Of course, every law firm wants to grow to their maximum potential and be considered the best firm in the state, or maybe even the country, but before you can reach these heights you have to take each step on the ladder rungs on the way up. The first step in terms of setting up a successful legal blog is to focus on your niche market, and this is going to be local clients who are looking for legal aid in your field of expertise. If you specialize in family law then make sure that your writing reflects not only this area of law, but also the particulars that you focus on. Go Black Fin explains:
For example, instead of writing a blog about the grounds for divorce in your state, write about how a person who is suddenly unemployed might be able to get a judge to modify a child support order. Chances are your blog will attract the attention of people in need of your services to help them to modify a support order.
Sure, staying narrow in your subject matter might mean that you’re pulling in fewer potential consumers at first, but if these potential consumers turn into clients then you’ve been successful in your endeavor.
Make Yourself Into an Expert
Focusing on a niche area of law not only brings in more serious clientele who actually require your expertise, but it also helps to make a firm name for your brand. Writing about one area of law with confidence and insight can make your firm’s name synonymous with being an expert in that particular field. Try to keep your posts regulated to a particular day each week so that the blog has a more professional feel to it. Make sure that the content you write about is always relevant to your city, field of practice, and particular case types that you have covered before and are confident in pursuing again. If there are many different practices of law in your firm, you must be careful in labeling so that you don’t confuse potential clients.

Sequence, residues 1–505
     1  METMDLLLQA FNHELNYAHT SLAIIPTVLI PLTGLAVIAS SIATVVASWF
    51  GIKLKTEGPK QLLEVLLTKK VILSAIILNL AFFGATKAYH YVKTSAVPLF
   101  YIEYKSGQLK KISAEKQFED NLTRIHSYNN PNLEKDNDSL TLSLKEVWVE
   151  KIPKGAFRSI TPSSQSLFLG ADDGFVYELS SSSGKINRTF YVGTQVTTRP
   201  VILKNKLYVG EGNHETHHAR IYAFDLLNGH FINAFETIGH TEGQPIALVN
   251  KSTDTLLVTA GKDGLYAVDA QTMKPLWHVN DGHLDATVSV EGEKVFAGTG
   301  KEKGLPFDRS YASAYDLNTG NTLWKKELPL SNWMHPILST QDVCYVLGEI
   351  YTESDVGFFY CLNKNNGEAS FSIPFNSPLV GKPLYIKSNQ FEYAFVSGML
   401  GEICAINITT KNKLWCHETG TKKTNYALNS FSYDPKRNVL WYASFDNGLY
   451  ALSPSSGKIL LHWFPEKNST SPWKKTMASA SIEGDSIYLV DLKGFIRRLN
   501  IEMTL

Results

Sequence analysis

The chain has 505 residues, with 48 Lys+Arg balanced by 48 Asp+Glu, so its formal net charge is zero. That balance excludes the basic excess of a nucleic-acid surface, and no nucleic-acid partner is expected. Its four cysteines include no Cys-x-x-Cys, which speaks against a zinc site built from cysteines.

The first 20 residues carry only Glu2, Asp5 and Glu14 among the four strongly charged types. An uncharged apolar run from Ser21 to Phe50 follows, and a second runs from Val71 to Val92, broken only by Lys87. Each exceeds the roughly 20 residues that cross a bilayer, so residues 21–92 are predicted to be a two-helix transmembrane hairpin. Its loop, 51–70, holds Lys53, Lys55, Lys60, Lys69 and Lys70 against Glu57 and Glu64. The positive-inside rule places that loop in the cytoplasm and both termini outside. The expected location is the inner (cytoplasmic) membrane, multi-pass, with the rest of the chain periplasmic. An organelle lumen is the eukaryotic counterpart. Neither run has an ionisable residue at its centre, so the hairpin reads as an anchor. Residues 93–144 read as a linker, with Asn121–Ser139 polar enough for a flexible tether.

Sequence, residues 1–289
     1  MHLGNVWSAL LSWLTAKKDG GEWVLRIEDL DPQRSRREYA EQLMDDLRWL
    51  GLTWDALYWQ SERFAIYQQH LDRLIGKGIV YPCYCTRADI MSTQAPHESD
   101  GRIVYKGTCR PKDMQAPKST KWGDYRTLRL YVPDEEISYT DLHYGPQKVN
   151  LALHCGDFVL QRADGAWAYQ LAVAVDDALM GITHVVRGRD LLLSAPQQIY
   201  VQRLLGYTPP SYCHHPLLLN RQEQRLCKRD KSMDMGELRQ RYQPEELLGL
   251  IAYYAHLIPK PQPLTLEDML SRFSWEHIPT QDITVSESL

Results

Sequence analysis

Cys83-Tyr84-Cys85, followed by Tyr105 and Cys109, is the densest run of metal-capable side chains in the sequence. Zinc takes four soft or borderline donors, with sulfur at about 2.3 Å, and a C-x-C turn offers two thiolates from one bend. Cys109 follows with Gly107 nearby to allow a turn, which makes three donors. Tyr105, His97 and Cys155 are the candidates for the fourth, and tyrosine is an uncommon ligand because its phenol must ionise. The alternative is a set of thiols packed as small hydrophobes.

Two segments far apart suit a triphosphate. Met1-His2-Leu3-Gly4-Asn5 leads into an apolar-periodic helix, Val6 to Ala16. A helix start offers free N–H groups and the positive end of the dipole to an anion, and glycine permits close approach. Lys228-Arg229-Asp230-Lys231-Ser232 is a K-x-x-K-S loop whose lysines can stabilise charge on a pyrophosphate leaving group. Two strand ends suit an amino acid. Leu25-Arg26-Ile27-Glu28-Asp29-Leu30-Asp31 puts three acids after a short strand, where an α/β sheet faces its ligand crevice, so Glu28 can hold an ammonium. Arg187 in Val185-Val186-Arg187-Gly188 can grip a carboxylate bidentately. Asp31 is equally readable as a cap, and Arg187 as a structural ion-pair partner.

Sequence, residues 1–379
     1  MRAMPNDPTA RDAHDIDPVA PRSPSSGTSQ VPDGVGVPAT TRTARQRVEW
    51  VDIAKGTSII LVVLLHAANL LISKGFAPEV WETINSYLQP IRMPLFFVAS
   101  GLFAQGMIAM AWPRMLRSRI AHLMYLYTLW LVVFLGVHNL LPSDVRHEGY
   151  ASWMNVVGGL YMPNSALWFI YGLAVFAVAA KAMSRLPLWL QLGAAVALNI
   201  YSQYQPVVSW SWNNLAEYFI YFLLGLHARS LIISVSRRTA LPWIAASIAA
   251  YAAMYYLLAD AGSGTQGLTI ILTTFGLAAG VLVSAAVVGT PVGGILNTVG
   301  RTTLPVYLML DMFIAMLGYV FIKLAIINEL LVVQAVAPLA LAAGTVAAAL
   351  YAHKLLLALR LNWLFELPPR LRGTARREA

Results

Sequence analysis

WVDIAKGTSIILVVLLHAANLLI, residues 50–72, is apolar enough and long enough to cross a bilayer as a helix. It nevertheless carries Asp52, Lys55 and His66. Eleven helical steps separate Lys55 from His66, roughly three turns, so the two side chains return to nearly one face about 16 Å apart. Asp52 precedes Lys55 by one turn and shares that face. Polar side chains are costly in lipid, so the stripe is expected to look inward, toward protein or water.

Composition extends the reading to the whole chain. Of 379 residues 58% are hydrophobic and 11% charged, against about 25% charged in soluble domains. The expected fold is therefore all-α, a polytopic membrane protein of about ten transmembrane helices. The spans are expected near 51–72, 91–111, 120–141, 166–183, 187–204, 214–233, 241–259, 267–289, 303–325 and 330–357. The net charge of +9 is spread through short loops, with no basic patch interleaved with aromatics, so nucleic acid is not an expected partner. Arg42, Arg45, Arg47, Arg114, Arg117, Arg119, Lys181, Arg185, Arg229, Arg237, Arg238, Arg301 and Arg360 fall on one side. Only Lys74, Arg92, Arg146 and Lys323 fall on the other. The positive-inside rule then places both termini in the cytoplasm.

Use Your Blog to Your Advantage
Marketing can cost hundreds of thousands of dollars, but let’s face it a law firm is in need of a little advertising because word of mouth isn’t always going to cut it. This is where I think a blog makes an excellent tool because not only is it a form of marketing, but it’s a measurable form of marketing, which means you get feedback from these efforts that tell you how many people have viewed, rated or commented on your posts. Larry Bodine says:
What I would suggest you do is pursue the techniques that you can measure. That would include blogs. You can publish up a blog and see how many people visited. On a blog, you can also see how many people commented.
Thus, blogging is one tool that every law firm can reap benefits from. Even if you don’t find a huge response from readers, the fact that you have a blog on your website shows clients that you are up-to-date and advancing with the times. Nobody wants a lawyer who seems unknowledgeable or out of touch with the times.